Random Thursday: Pick Up A Penguin

In 1934 when a young Allen Lane was working for his cousins publishing company The Bodley Head, he attended a conference on ‘The New Reading Public’. After a weekend in Devon with his friend Agatha Christie he was at Exeter St. David’s station waiting for a train to Paddington when he realised that the only books on sale were ‘shabby reprints of shoddy novels’. What was needed for the ‘new reading public’ were good quality paperbacks, in a size that could fit into your pocket and at a price everyone could afford.

He took the idea back to the office and ideas were rattled out around the table. He wanted to sell a brand, publishing in batches of 10 books, each with a recognisable cover and with a name that was easy to say and remember. To sell them where people gathered and for sixpence, the price of a packet of 10 cigarettes. Allen’s secretary, Joan Coles suggested a penguin and Edward Young, a junior in the editorial department designed the logo. After much wrangling Lane was able to buy the rights for paperback editions of his first 10 books and by using the offices and imprint of The Bodley Head, in 1935 the first batch of 10 Penguins was published.

I’ve been familiar with this potted history of Penguin for ages but had never thought beyond it until I recently read The Mysterious Affair At Styles and saw that it was one of the first ten, which made me wonder about the other nine. They were:

  1. Ariel by Andre Maurois
  2. A Farewell To Arms by Ernest Hemingway
  3. Poet’s Pub by Eric Linklater
  4. Madame Claire by Susan Ertz
  5. The Unpleasantness At The Bellona Club by Dorothy L. Sayers
  6. The Mysterious Affair At Styles by Agatha Christie
  7. Twenty-Five by Beverly Nichols
  8. William by E.H. Young
  9. Gone To Earth by Mary Webb
  10. Carnival by Compton Mackenzie

What a remarkable first batch, brilliantly introducing the simple cover design in its first 3 colourways: blue for biography, orange for fiction and green for mystery. To begin with Ariel, a fictionalised biography of Shelley translated from its original French and then to include Hemingway and humour as well is really brave and perfectly encapsulates his belief that there was a large audience for serious books. Who wouldn’t want to collect all ten?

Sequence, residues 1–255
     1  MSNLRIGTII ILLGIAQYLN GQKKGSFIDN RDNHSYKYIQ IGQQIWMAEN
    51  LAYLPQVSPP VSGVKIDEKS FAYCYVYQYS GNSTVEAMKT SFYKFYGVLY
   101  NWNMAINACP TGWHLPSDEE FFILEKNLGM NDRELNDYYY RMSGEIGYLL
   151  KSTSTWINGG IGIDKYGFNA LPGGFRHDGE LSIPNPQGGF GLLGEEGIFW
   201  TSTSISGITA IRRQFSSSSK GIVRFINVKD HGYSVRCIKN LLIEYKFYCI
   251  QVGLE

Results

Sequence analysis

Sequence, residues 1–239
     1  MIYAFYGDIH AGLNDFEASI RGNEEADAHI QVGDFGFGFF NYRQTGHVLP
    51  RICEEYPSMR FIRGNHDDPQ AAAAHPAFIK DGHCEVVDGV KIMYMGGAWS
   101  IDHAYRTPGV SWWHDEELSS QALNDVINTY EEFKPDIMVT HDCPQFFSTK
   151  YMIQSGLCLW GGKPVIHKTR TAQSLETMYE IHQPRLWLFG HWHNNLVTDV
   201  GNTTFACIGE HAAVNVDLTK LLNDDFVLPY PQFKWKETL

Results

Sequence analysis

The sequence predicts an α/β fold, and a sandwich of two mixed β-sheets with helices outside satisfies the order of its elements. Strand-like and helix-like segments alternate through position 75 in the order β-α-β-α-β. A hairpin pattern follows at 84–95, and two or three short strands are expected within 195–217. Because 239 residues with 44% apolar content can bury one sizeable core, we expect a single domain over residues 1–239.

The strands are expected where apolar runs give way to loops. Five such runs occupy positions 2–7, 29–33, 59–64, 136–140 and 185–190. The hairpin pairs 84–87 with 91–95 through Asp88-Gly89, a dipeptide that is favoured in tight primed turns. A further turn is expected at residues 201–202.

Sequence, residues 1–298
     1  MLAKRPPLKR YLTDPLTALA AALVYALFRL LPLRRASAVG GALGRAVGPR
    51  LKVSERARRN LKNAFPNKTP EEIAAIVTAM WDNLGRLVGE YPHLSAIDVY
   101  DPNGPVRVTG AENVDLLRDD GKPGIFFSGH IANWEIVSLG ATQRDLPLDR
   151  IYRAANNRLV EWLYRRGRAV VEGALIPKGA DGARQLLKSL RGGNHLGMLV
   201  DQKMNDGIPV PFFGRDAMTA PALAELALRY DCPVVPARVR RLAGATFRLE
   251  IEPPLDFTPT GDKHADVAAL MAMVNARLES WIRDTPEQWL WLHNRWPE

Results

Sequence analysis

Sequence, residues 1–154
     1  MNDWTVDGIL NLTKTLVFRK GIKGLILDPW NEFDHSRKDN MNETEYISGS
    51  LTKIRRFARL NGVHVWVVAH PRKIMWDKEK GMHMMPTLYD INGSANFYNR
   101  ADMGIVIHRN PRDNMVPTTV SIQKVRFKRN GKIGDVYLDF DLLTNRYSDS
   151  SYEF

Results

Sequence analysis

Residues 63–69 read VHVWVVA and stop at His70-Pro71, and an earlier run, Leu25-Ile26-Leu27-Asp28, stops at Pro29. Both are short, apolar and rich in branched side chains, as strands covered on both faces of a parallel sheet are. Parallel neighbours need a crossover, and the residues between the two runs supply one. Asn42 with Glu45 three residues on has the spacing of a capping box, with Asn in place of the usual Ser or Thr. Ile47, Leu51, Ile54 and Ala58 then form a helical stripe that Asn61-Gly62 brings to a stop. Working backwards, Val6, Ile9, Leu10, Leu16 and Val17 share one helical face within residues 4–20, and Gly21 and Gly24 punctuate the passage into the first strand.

I do, and I see in this list a simple challenge – to read the ten titles in their 1935 editions (or as close as is affordable). A bookshop nearby has a good stock of vintage Penguins and is always helpful in tracking down titles, so that will be my first call for copies, but as I love rummaging in second hand book shops I don’t think I’m asking to much of myself!

26 thoughts on “Random Thursday: Pick Up A Penguin

  1. Great post Jane! Like you, I knew the story of how Penguin was set up, but I had no idea what the first ten books were – an impressive range. As you say, the design is fabulous, it’s really stood the test of time. Happy hunting in the bookshops!

    Liked by 1 person

  2. What a great challenge! I’ve only read the Christie and the Sayers, but some of the others are very appealing. I have A Farewell to Arms on my list (!) though not in an original edition, and Mary Webb has been popping up recently in various anthologies of vintage horror, though really she seems to have been writing feminist folk horror rather than spooky stuff, as far as I can work out from the little I’ve read. I’d like to read one of her novels, which I believe are kind of rural angst-laden romance type things! I’ll be looking forward to hearing how you get on with these!

    Liked by 1 person

    1. rural angst-laden romance – can’t wait! I’ve read the Hemingway so I just have to go shopping for that, I know you can buy them on line but then it’ll be over by tomorrow!

      Liked by 1 person

  3. What a good project this will be. I scoured the bookshops in Hay on Wye years ago looking for all the titles in the Corridors of Power series in Penguin editions. (my husband got dragged into this adventure). They have a special place in the bookshelves….

    Liked by 1 person

  4. I hadn’t heard of Corridors of Power and now I’ve had a quick look I see that’s where the phrase comes from, brilliant! What a lovely bookshelf that must be, and actually a weekend in Hay on Wye isn’t a bad idea!


    1. I was thinking the same thing but then I thought in those old films women’s coats often did have big pockets, Kathryn Hepburn is often stuffing her hands into a pocket, maybe it’s to hold on to her book!

      Liked by 1 person

    1. I know I think that’s an amazing first book, and just shows the respect he had for ordinary, average, everyday readers. It was his secretary who suggested a penguin as a good simple shape!


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